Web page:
Software companies release a new product and expect to send out bug fixes a few weeks later; it's less expensive that way. Bridge engineers know their products have to work correctly the first time and every time. Flaws in testing must be repaired at any cost before a bridge is "released" to the public. Until software developers (and their managers) have to defend themselves in court, they will not truly embrace absolute product quality.
This note is in response to the News Track item "Canadian Hacker Headaches" (Nov. 1998, p. 7).
As a programmer for a large corporation, one of my duties is being a security coordinator responsible for ensuring proper licensing of PC software and compliance with PC security and "clean desk" policies within my organization.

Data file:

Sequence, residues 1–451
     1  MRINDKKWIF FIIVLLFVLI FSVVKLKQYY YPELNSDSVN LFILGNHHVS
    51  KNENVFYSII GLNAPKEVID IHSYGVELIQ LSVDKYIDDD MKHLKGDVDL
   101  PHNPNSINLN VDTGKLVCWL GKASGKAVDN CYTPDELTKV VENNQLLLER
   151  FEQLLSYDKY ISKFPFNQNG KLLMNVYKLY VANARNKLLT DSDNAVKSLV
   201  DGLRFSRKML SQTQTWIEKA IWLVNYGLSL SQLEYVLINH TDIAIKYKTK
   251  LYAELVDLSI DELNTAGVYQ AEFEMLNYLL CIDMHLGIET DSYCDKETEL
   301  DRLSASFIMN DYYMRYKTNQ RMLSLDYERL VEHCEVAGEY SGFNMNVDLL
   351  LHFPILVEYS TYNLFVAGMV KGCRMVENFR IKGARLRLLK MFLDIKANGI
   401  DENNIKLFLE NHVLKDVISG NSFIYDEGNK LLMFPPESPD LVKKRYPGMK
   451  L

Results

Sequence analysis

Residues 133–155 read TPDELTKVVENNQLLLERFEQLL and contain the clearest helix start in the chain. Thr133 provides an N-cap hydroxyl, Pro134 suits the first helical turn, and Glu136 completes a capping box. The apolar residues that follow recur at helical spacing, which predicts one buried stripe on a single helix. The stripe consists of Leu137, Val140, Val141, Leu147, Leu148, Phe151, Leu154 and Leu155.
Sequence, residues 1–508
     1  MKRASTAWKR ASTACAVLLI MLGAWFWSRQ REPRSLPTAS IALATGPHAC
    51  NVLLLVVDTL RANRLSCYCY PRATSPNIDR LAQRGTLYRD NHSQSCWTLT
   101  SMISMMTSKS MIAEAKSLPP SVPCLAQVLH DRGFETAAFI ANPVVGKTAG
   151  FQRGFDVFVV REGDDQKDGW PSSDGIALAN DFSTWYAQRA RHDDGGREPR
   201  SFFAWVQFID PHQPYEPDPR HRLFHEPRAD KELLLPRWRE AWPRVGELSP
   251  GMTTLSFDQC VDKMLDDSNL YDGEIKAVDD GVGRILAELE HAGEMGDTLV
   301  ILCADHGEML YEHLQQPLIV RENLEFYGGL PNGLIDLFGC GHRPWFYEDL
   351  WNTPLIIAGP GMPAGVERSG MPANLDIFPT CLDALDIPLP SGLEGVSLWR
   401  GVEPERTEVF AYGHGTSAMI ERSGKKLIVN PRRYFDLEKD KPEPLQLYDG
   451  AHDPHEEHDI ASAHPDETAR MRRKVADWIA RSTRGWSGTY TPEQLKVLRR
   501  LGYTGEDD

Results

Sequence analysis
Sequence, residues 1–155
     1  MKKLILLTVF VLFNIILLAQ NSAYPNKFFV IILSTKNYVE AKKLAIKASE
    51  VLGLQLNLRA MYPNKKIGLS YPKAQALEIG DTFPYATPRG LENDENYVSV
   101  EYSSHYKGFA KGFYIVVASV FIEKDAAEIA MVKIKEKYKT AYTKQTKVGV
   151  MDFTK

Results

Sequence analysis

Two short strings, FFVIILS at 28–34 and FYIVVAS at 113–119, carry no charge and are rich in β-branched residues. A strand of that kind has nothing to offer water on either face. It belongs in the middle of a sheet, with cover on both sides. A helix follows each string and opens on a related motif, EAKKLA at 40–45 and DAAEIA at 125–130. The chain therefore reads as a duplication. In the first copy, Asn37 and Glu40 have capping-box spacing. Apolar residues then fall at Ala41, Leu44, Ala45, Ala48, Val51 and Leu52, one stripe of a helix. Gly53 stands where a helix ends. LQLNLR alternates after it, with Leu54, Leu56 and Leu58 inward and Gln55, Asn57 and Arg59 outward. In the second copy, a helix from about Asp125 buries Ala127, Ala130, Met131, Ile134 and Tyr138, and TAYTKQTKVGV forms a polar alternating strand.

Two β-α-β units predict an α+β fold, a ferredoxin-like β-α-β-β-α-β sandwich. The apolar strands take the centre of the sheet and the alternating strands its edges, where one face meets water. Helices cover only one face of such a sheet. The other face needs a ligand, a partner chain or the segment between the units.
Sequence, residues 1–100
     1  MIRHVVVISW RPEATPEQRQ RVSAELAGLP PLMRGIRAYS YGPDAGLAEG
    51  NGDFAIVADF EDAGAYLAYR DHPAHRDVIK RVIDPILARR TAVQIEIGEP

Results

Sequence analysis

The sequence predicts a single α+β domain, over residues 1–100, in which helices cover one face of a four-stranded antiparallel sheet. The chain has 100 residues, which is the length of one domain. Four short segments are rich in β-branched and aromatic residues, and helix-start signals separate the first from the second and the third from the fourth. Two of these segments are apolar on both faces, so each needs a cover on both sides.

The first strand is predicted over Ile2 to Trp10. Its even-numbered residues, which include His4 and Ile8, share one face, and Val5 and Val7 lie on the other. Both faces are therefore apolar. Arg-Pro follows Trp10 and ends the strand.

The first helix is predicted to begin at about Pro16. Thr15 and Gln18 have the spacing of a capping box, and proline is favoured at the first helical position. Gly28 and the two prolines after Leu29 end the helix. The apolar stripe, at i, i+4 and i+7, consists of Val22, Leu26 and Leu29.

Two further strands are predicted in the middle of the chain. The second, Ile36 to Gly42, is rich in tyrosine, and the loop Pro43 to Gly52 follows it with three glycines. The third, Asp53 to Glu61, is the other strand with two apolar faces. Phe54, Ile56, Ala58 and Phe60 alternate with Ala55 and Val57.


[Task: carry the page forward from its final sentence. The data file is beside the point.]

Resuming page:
The item states that Web hacking against Canadian companies has doubled. I do not agree with this statement. The statistics in the article said 300+ companies participated in the survey, 68% connected to the Internet in 1997, 95% connected to the Internet in 1998, 4% reported hacking attempts in 1997, and 8% reported hacking attempts in 1998. It's true that the percentage of reported hacking attempts has doubled. But with the number of companies connected to the Internet increasing, actually almost tripled the number of reported hacking attempts (closer to 2.79 times). I believe the comment, "The jump was due in part to a major increase in the number of Canadian companies now connected to the Internet" plays down the significance of this problem. If the number was the same as 1997 with the only factor changing that more companies are connected to the Internet, then the new percentage would still be 4%. A jump to 8% shows a significant problem.